Water, Air, and Soil Pollution

, Volume 85, Issue 3, pp 1379–1386

Morphological responses among crop species to full-season exposures to enhanced concentrations of atmospheric CO2 and O3

  • C. Mulchi
  • B. Rudorff
  • E. Lee
  • R. Rowland
  • R. Pausch
Part III Direct Effects of Air Pollutants on Vegetation

Abstract

Field studies using open-top chambers were conducted at USDA-BARC involving the growth of soybeans ('89 & '90), wheat ('91 & '92), and corn ('91), under increased concentrations of atmospheric CO2 and O3. Treatment responses were compared in all cases to plants grown in charcoal-filtered (CF) air (seasonal 7-h mean = 25±3 n mol O3 mol−1) having 350 or 500 μ mol CO2 mol−1. Elevated seasonal O3 levels for the soybean, wheat, and corn studies averaged 72.2±4, 62.7±2, and 70.2 n mol O3 mol−1, respectively. Results presented were obtained for plants grown in silt loam soil under well-watered conditions. Grain yield increases in response to elevated CO2 in the absence of O3 stress averaged 9.0, 12.0, and 1.0% for soybean, wheat, and corn; respectively. Reductions in grain yields in response to the elevated O3 treatments at 350 μ mol CO, mol−1 averaged 20.0, 29.0 and 13.0% for soybean, wheat, and corn, respectively. Reductions in grain yields in response to elevated O3 at 500 μ mol CO2 mol−1 averaged 20.0, 8.0, and 7.0% for soybean, wheat, and corn, respectively. Dry biomass and harvest index in wheat were significantly reduced by O3 stress at 350 μ mol mol 1 CO2 but not at 500 u mol mol−1 CO2. Seed weight 1000−1 for scybeans and wheat was significantly increased by CO2 enrichment and decreased by O3 stress. Seed weight 1000−1 in corn was increased by O3 stress suggesting that O3 affected pollination resulting in fewer kernels per ear.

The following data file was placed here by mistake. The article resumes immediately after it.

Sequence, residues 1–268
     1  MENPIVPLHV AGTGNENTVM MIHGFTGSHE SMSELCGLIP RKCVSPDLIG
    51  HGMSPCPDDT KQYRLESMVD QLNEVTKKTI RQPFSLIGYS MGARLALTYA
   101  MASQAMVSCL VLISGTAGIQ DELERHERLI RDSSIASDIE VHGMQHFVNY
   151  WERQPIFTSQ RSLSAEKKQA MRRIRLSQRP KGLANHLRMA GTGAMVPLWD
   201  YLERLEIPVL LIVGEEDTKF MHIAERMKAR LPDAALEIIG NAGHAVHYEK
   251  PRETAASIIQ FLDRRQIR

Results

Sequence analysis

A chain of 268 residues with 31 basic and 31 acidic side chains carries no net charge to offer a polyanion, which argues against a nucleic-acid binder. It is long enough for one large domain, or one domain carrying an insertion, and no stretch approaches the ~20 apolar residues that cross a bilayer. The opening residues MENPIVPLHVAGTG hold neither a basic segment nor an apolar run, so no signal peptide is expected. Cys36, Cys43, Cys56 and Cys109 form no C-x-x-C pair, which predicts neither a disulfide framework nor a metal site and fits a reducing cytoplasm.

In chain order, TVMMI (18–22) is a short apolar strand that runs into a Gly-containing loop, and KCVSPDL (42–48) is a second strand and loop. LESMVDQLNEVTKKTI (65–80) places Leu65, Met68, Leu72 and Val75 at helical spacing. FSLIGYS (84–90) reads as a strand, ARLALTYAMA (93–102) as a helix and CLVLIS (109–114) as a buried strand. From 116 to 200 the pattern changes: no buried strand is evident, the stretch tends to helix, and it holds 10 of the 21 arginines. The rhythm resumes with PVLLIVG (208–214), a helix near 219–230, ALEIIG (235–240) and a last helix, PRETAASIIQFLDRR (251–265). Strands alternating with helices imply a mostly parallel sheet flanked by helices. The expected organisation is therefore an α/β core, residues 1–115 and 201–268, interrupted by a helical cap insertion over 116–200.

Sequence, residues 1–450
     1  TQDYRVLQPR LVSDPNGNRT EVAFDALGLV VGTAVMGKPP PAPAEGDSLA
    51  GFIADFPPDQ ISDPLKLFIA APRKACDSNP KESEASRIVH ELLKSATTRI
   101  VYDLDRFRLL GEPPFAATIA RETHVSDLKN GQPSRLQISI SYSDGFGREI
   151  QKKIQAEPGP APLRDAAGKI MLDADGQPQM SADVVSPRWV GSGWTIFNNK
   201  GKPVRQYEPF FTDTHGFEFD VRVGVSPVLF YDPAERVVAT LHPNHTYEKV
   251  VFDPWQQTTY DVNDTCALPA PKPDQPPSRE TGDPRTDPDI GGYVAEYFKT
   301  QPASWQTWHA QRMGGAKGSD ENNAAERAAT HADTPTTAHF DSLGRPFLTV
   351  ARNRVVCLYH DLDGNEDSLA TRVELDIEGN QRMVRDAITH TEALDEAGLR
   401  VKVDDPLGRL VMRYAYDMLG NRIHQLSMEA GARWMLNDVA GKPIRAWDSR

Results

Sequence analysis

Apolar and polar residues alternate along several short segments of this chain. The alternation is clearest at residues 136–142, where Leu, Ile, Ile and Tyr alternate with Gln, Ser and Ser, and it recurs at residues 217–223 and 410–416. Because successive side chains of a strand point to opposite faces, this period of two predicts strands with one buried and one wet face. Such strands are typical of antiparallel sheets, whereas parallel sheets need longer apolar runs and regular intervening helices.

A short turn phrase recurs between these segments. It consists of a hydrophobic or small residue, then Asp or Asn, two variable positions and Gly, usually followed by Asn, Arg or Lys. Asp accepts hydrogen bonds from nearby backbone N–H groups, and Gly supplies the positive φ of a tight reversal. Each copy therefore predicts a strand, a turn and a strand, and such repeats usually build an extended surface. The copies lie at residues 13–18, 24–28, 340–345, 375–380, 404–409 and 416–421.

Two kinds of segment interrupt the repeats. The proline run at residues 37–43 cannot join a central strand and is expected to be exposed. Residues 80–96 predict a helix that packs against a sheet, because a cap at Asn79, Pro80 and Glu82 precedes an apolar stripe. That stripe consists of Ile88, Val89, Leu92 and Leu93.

Key words

Global climate change photochemical oxidants 

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Copyright information

© Kluwer Academic Publishers 1995

Authors and Affiliations

  • C. Mulchi
    • 1
  • B. Rudorff
    • 1
  • E. Lee
    • 2
  • R. Rowland
    • 2
  • R. Pausch
    • 2
  1. 1.Department of AgronomyUniversity of MarylandMDUSA
  2. 2.Climate Stress LaboratoryU.S. Department of Agriculture, Beltsville Agricultural Research CenterBeltsvilleUSA

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